Newsroom Newbie: What to Expect When You Go on TV
If you (or your talented PR person) secured your very first TV interview, you probably got through half a victory lap before the pre-appearance jitters set in. What will you wear? What will you say? How much time will you have?
Needless to say, TV appearances are a fantastic and hugely impactful way to reach a mass audience with your brand and message. But, they can also be pretty nerve-wracking. Want to know what to expect from the second you walk into the newsroom to the minute you scamper off set (fist pumping!)? Here, we take the mystery out of your 15 minutes of fame.
It’s Going to Be Hot
Those blaring lights are what make the anchors and sets look so dang pretty. So, plan accordingly. Pack tissues, dress light (without looking inappropriate), and mentally steel yourself for a few sweaty minutes.
If you’re appearing on live TV for the first time, brace yourself for a bit of chaos. There will be producers putting in your earpiece and giving you instructions on where to look, cameramen framing your shots, and a sound technician testing your mic. Roll with it. Use the time to collect your thoughts and practice your key points.
You’re Going to Have to Wear Make-Up
Guys, this is for you. I’ve seen plenty of wide-eyed men try to swat away powder brushes 20 seconds before going on-air. But just let it happen. It’ll help take away pre-appearance sweat and shininess, and let’s face it: They make everyone wear it for a reason.
You’re Going to Get Nervous
Even if you love the spotlight and aren’t easily fazed by situations that stress out 99% of the human race, if you’re appearing on TV for the first time, you’re probably going to get nervous.
The best way to combat those nerves ? Prepare. Get your talking points together, pick out your outfit ahead of time, and watch the show a few times to familiarize yourself with the anchors, the set, and the pace. And take care of yourself! If you need to wake up at 4 AM to sneak in a yoga session, drink a vat of chamomile tea the night before, or stick a secret barf bag in your back pocket to keep calm, go right ahead.
You’re Going to Have Less Time Than You Think
Unless you’re appearing on a long-form, taped show—like Ellen or 60 Minutes— you’ll likely have 2-3 minutes of air time. And those minutes are going to go by fast!
So how can you prepare? First, prioritize your messaging . What are your five key points? And of those five, which two are the most important? Then, make a list of all of the questions—good and bad!—that you think you might be asked, and practice integrating those key points into your answers. To give you a sense of what 2-3 minutes of talking feels like, get out that iPhone stopwatch and start blabbing. Not as much time as you thought, huh?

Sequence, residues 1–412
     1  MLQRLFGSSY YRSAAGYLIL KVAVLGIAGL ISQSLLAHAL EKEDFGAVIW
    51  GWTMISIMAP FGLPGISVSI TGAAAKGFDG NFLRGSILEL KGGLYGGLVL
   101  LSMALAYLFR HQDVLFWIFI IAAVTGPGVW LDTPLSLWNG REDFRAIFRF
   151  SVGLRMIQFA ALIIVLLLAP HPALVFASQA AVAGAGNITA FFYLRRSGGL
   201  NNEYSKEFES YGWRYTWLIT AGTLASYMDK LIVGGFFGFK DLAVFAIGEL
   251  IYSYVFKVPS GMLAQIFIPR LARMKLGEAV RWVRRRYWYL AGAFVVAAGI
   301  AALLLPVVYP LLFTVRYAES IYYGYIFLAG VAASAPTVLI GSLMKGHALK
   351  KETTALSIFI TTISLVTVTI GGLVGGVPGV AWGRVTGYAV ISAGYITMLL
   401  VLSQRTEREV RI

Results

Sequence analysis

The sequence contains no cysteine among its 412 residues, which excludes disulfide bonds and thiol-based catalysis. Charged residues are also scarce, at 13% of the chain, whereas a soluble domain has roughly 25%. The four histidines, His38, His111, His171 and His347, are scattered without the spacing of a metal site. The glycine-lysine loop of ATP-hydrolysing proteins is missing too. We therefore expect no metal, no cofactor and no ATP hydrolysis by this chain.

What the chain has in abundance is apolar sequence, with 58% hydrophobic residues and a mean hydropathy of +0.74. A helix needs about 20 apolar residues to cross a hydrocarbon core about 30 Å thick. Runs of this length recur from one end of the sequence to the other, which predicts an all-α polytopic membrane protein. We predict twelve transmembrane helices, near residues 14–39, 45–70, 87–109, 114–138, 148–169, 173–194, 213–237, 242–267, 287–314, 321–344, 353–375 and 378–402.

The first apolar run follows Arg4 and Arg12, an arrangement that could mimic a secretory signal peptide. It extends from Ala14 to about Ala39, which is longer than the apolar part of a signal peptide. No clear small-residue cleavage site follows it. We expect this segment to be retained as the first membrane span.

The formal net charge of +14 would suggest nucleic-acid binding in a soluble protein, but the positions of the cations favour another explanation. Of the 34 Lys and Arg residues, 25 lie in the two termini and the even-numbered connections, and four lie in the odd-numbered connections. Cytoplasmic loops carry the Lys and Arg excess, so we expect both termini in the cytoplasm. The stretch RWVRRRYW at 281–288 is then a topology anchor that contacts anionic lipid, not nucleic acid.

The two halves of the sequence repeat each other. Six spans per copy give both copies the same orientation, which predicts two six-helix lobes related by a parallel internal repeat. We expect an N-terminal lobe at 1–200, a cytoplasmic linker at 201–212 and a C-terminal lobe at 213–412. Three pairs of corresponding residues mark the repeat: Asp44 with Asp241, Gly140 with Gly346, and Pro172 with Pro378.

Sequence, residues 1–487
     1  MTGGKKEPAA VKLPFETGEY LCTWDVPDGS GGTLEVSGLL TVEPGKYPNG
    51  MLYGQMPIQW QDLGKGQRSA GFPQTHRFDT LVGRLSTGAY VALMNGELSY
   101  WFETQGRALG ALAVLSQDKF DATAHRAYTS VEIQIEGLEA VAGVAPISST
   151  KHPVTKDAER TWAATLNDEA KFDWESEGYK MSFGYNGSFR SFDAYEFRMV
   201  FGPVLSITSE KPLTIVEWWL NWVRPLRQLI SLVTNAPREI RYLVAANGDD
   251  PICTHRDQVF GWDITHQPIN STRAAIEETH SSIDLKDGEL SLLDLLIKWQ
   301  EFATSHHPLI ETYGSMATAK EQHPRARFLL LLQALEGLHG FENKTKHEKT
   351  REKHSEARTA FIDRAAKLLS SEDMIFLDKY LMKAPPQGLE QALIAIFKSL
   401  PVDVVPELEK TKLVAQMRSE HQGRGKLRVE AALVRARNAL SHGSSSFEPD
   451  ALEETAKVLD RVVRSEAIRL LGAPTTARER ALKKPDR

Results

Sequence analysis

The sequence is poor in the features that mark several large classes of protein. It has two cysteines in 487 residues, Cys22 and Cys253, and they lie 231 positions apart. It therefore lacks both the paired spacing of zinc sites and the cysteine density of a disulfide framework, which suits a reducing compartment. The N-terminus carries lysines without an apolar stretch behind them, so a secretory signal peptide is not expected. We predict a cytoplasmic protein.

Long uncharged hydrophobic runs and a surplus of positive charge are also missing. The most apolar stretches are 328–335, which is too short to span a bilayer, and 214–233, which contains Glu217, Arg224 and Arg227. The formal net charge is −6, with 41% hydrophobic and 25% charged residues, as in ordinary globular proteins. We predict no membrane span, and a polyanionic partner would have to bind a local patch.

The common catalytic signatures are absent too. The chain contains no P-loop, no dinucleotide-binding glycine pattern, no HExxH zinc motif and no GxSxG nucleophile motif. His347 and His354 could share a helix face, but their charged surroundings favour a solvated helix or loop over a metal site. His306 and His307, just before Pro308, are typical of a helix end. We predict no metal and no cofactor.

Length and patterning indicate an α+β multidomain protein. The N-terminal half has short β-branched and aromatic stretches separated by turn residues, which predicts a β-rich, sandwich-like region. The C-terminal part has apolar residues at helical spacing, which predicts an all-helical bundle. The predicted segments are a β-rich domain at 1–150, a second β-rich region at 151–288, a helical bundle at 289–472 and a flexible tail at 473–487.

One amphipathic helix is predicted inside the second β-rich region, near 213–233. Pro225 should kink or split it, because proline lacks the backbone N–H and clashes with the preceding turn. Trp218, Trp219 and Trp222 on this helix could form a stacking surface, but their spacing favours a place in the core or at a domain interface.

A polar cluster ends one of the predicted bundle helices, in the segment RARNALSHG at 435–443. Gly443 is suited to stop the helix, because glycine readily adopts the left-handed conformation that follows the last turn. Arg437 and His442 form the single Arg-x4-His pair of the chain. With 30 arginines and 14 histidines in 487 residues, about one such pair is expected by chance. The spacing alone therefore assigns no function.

You Might Get Cut Off
The anchors are going to want to get through as many questions as they can in the short time allotted, so if you take too long answering a question, they’re going to cut you off. If there’s a crucial point you’re about to make—make it quickly! And then let them move on.
It’s Not Going to go 100% According to Plan
Especially if it’s live TV. You might get asked a question you’d prefer not answer. Or, you might not get asked a question you practiced and perfected. The interview might get bumped by 20 minutes. The anchor that was originally going to interview you might get switched out for another one. (Who you’ve never seen before. Who might mispronounce your name.)
So, expect the unexpected. Figure out your measure of success—like delivering two key messages and pointing viewers to your website—and focus on that. The rest is just noise.
It’s All About You
Finally, keep in mind that when it comes to TV appearances, viewers are not only judging your brand or company based on how compelling you make it sound—they’re also judging it based on how much they like you .
When preparing, practice being your most polite, personable, relatable self as much as you practice the key points you want to get across. Have you ever seen a TV guest talk over the other anchors, looking mad and scrunch-faced? Didn’t like him much, did you? If you find yourself stumbling through your messaging or having a hard time keeping a smile on your face, remember that this is what media training professionals specialize in! If there’s ever a time to splurge on one , it would be now.
Beyond that—have fun! Being on TV is a not-many-times-in-a-lifetime opportunity, so enjoy it.
Photo of courtesy of U.S. Department of Agriculture .
Alex Honeysett is a Brand and Marketing Strategist who partners with CEOs, executives and solopreneurs to grow their personal and professional brands, human-to-human. After spending nearly a decade working in PR and marketing for multimillion dollar brands and startups, Alex knows what truly drives conversions, sold-out launches, and *New York Times* interviews—and it’s not mastering the marketing flavor of the week. It’s how well you connect with the heart-beating people you’re trying to help and communicate your understanding back to them. Alex has landed coverage in print and broadcast outlets around the world, including the Today Show, *Wall Street Journal*, Mashable, BBC, NPR, and CNN. Her own articles have been featured in The Muse, *Forbes*, *Inc.*, Mashable, DailyWorth, and *Newsweek*. In addition to her extensive PR and marketing experience, Alex is a trained business coach.More from this Author